Business incubation program for climate resilience in agriculture: Youth entrepreneurs present their business models

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Phnom Penh, Cambodia (June 5, 2024) – The CGIAR Initiative on Asian Mega-Deltas (AMD), in collaboration with Impact Hub Phnom Penh, organized the Demo Day of the Dak Dam Innovators for Resilient Agriculture. It is a business incubator program that supports youth engagement and start-up businesses related to climate resilience and transformation of agri-food systems. The Demo Day allows the finalist groups of entrepreneurs to showcase their businesses and compete for start-up prizes.

Firstly, through this program, hackathons were held in universities in Phnom Penh and several provinces. Following the hackathons, 14 start-up business teams pitched their ideas. The most promising teams then entered an incubation phase where they received masterclass training to help them kick-start their businesses. Finally, Demo Day brought together the five most successful teams to present and compete. These are:

  • Zero Carbon works to empower agriculture by using soil sensor technology and consultancy to recover soil health from low quality to high quality to ensure sustainable soil in the future.
  • GreenCambo is a dynamic supplement company dedicated to transforming your health journey.
  • Bansam is a modern nursery that cultivates plants for transplanting, grafting, and budding, supplying seedlings to farmers for their crops.
  • HerAgri is producing a cabbage bait from cabbage waste recycling for insect pest prevention on the Brassicaceae family.
  • Chiv Cheat leverages a Telegram chatbot to diagnose cashew plant diseases from Khmer-language images, voice messages, or text. The chatbot then provides farmers with targeted suggestions for treatment.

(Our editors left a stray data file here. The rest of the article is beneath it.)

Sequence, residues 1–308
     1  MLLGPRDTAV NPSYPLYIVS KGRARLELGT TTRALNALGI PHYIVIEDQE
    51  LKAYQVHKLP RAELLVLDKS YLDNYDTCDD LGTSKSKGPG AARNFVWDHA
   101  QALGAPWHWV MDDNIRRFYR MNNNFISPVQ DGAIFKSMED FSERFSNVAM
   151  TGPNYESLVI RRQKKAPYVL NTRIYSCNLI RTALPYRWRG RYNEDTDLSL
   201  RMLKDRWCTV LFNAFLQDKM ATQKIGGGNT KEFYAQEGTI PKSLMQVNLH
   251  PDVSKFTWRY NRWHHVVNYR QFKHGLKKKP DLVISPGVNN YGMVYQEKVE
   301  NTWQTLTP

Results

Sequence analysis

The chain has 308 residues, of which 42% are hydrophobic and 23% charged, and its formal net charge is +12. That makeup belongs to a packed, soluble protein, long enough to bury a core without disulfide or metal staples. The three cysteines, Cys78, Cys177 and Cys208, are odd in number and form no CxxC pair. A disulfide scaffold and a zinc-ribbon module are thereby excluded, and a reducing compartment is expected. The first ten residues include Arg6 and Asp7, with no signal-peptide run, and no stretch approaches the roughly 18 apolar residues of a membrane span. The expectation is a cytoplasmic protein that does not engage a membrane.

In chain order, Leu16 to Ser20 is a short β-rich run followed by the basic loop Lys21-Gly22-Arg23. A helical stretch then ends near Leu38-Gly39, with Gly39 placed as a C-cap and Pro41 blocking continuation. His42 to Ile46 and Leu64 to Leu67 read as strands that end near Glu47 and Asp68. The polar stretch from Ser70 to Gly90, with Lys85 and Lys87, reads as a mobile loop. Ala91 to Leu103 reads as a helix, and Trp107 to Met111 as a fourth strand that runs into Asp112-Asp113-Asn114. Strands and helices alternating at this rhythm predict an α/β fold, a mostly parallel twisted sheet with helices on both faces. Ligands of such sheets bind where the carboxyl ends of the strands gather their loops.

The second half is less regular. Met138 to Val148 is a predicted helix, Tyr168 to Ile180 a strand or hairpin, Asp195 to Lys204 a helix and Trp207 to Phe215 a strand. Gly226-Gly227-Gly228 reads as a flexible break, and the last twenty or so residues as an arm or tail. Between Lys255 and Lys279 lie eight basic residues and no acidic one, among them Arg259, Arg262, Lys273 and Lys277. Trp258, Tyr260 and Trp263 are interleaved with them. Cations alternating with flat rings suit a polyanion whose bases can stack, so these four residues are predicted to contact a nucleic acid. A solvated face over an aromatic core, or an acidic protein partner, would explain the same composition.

Dr. Rica Joy Flor, Scientist on Innovation Systems at the International Rice Research Institute (IRRI), explained the rationale behind supporting business incubation. She pointed out that successful climate-resilient transitions in agri-food systems require not only technical advancements but also enabling conditions. These include businesses and services that incentivize farmers to adopt sustainable practices.

In his special remarks, Dr. Bjoern Ole Sander, lead of AMD and scientist at IRRI, emphasized that AMD targets agri-food system transitions towards climate resilience for farmers and their communities in the Cambodian Mekong Delta. He shared that when the program was discussed, he was very supportive because it offered a way to engage businesses and reach young people.

AMD and other CGIAR Initiatives, such as Plant Health and Excellence in Agronomy, are also interested in pathways to support women and youth in agriculture and entrepreneurship. In the long run, the hope is that these successful startups will encourage the development of other businesses that can support farmers in rural communities.

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